Does your organization need to fight the water crisis?
The world is in a water crisis and will not go away on its own. According to the World Resources Institute, we are on course for a 50% freshwater shortfall by the year 2030.
Every organization will need to make decisions and take actions to better support the planet and long-term viability of their operations if we are to avoid the crisis.
Not all organizations have the tools, insights, and expertise to help curb their consumption of water and greenhouse gas.
There are several effective water-management solutions on digital platforms that can help organizations meet their water goals while reducing operational costs.
A strong water-management strategy should also consider the organization's relationship to the local watersheds in which it operates and how its water use affects the surrounding community.
Many corporate water targets are not aligned with local needs or address the root causes of water challenges.
Setting goals and measuring progress.
Current local water prices may not reflect the true value of water. The low cost of water makes it easy to overlook its value. Population growth, increased demand, and climate change will continue to stress our world's limited water supply, making the financial value of water to business operations impossible to ignore in the long term.
The financial impact of water risks reported by 358 companies in 2020 exceeded $300 billion. Some organizations are not addressing the risks.
In a survey of companies with revenue of at least $1 billion, only 38% said water is a strategic corporate initiative. According to the survey respondents, nearly half of their local facilities lack the tools and resources to meet their water goals.
Water risk can be mitigated from the executive suite, but they need to address the issue at the site level.
Tenuta said that smart water-management programs contribute to reducing business risk at the corporate level and addressing local shared water challenges by guiding industrial sites in setting meaningful targets, establishing strong accountability, implementing industry best practices, and preparing facilities for engaging with other basin stakeholders.
Local conditions within which they operate must be considered when setting goals. Facilities can set context-based targets and a plan to implement changes if they understand the value of water to local operations.
Water strategy and technology.
A successful water-management plan starts with gaining visibility into its own consumption by analyzing water usage to identify and improve inefficiency. Tracking water performance has traditionally challenged organizations with tedious and manual processes that have inconsistent or inconclusive results.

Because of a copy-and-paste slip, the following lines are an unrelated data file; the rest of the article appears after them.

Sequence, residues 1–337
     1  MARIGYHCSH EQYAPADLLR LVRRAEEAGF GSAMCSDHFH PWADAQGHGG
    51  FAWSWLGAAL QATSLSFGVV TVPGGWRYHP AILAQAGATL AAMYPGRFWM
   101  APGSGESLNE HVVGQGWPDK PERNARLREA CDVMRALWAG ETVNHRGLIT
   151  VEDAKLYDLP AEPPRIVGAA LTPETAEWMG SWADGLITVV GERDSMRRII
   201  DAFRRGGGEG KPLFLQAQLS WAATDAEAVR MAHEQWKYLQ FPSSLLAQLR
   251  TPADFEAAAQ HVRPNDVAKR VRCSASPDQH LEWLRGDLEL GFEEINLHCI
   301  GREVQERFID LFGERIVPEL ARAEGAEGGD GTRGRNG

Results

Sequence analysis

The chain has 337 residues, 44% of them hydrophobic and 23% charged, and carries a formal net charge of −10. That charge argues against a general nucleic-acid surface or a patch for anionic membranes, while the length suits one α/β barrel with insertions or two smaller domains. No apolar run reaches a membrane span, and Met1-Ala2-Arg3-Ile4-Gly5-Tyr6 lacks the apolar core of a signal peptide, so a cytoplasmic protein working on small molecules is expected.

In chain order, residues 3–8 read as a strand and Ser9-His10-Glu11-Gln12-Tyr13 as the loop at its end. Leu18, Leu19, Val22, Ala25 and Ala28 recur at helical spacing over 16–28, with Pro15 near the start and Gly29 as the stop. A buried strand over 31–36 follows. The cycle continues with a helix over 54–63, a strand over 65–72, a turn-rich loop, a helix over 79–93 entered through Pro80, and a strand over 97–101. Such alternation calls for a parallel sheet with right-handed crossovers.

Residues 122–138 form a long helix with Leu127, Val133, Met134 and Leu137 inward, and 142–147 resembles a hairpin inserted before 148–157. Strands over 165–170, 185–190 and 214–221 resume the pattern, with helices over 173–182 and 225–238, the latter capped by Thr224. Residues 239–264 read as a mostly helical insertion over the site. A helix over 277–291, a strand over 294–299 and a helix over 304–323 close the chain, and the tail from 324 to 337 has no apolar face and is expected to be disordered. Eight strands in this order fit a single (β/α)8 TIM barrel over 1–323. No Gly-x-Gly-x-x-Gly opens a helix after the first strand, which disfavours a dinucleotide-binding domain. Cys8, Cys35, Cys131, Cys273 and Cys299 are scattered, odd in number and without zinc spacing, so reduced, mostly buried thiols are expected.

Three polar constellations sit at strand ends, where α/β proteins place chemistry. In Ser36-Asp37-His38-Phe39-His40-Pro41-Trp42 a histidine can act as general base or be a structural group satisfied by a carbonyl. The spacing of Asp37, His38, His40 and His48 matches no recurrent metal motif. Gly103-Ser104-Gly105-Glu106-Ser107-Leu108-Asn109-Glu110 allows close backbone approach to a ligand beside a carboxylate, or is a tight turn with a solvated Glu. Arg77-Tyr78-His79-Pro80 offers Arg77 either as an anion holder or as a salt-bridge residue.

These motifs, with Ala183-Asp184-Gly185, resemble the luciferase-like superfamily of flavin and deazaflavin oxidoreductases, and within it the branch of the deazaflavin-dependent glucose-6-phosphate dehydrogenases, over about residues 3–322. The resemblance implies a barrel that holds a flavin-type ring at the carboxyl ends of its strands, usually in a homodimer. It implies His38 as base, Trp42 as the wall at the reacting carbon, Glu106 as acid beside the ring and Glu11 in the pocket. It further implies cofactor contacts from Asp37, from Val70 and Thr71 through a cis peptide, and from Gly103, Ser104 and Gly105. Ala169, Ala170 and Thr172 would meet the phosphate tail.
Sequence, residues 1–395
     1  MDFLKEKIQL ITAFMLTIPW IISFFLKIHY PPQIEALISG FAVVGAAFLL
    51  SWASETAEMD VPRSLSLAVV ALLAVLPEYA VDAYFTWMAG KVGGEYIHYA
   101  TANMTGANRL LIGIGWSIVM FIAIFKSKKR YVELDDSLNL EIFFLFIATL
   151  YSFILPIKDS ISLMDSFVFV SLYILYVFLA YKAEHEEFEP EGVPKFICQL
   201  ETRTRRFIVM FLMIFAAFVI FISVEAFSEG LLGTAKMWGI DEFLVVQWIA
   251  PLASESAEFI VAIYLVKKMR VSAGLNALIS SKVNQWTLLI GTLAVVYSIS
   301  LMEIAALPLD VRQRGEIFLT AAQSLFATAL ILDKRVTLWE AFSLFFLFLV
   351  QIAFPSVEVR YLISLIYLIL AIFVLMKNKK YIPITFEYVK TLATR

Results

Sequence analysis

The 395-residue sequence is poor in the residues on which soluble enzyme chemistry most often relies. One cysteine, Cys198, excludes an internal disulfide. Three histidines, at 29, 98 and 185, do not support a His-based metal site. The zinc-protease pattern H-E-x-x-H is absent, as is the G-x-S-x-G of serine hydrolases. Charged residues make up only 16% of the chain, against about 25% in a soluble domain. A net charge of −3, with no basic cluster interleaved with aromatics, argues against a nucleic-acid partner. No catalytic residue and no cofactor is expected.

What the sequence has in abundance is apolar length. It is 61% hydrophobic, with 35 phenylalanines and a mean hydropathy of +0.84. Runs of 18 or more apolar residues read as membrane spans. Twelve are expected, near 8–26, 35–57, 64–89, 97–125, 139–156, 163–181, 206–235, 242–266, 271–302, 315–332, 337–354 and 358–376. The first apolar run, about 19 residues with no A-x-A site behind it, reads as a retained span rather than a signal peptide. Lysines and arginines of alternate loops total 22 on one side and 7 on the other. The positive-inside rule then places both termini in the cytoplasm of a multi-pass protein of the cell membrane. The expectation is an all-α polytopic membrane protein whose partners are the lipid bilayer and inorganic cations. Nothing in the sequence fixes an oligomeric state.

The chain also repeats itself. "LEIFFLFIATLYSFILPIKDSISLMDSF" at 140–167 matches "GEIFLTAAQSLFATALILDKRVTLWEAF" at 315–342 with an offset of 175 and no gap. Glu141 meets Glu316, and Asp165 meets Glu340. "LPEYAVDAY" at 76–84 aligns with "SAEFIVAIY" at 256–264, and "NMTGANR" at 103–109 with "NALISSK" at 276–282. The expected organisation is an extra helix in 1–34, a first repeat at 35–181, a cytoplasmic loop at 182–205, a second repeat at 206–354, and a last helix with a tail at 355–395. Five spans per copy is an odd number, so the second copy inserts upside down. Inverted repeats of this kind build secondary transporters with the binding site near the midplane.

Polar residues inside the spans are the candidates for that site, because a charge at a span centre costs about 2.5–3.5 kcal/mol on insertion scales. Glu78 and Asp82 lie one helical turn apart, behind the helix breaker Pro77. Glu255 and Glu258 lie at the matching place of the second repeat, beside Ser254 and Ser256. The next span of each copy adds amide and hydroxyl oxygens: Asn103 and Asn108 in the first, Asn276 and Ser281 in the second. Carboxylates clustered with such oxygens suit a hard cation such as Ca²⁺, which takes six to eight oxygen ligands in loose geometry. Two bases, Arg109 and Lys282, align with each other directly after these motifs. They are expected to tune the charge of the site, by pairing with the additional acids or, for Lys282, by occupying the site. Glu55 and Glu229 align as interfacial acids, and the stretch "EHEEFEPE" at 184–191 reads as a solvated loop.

Digital data collection and analytic technology can help speed this process up. The Ecolab Smart Water Navigator is an online tool that can help organizations at any stage of their water-use reduction initiatives accelerate their smart water-management journey. The tool helps users understand their level of water risk, set targets for individual locations, identify actions to help deliver reduction targets, and track performance for continual reassessment and growth opportunities.
Tenuta said that sites without water targets can use the Smart Water Navigator to identify risk and develop a response plan. The tool can be used to evaluate if the ambition of the targets is enough to address the shared water challenges and to access best-practice guidance on how to implement strategies and track progress toward meeting the target.
Ecolab has a service called Water Flow Intelligence that gives real-time visibility into water usage to help organizations understand where and how they use water throughout their networks.
By increasing local improvements at a national or global scale, an organization can deliver significant improvements to the environment and its own productivity.
Partnering for water knowledge.
Many organizations are still in the early stages of understanding their water use and its role in the environment. Collaboration is key to achieving meaningful progress.
Building resilience is dependent on setting a foundation for engaging with external stakeholders. Tenuta said that this will help establish trust and enable a stronger social license to operate.
The expertise and resources of partners can be used by organizations looking to advance their water-stewardship initiatives.
The Alliance for Water Stewardship sets global water-use standards with locally adapted frameworks to help enterprises contribute their own freshwater-use reduction efforts to worldwide goals.
The water resilience coalition is part of the U.N. Global Compact and is led by a CEO.
The Our Watercampaign has raised millions of dollars of public and private funding to protect the Mississippi River and other fragile freshwater resources.
Business operations and healthy lives are dependent on water. By using digital insights and engaging in effective partnerships, companies can build their own operational resilience and help protect this valuable resource by adopting proactive water-management plans that account for an organization's size, location, and offerings.
Ecolab can help you grow through water use.